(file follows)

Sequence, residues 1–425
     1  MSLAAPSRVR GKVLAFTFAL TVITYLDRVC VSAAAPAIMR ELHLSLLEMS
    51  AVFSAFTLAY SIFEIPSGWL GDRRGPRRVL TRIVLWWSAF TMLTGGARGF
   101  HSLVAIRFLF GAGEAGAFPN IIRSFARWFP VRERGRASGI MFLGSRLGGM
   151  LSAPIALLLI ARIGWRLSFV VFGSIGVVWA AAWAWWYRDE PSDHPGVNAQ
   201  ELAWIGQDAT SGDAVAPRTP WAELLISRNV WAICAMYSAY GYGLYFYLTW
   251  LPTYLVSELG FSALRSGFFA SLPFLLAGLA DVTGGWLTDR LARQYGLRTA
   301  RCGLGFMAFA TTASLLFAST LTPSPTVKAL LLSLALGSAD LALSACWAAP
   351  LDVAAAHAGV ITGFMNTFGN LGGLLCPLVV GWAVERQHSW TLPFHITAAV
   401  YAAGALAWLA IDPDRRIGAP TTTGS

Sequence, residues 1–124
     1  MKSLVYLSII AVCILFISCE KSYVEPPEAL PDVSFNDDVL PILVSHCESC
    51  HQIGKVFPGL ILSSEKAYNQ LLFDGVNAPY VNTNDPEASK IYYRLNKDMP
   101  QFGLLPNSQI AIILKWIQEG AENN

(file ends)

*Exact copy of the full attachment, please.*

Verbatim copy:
Sequence, residues 1–425
     1  MSLAAPSRVR GKVLAFTFAL TVITYLDRVC VSAAAPAIMR ELHLSLLEMS
    51  AVFSAFTLAY SIFEIPSGWL GDRRGPRRVL TRIVLWWSAF TMLTGGARGF
   101  HSLVAIRFLF GAGEAGAFPN IIRSFARWFP VRERGRASGI MFLGSRLGGM
   151  LSAPIALLLI ARIGWRLSFV VFGSIGVVWA AAWAWWYRDE PSDHPGVNAQ
   201  ELAWIGQDAT SGDAVAPRTP WAELLISRNV WAICAMYSAY GYGLYFYLTW
   251  LPTYLVSELG FSALRSGFFA SLPFLLAGLA DVTGGWLTDR LARQYGLRTA
   301  RCGLGFMAFA TTASLLFAST LTPSPTVKAL LLSLALGSAD LALSACWAAP
   351  LDVAAAHAGV ITGFMNTFGN LGGLLCPLVV GWAVERQHSW TLPFHITAAV
   401  YAAGALAWLA IDPDRRIGAP TTTGS

Sequence, residues 1–124
     1  MKSLVYLSII AVCILFISCE KSYVEPPEAL PDVSFNDDVL PILVSHCESC
    51  HQIGKVFPGL ILSSEKAYNQ LLFDGVNAPY VNTNDPEASK IYYRLNKDMP
   101  QFGLLPNSQI AIILKWIQEG AENN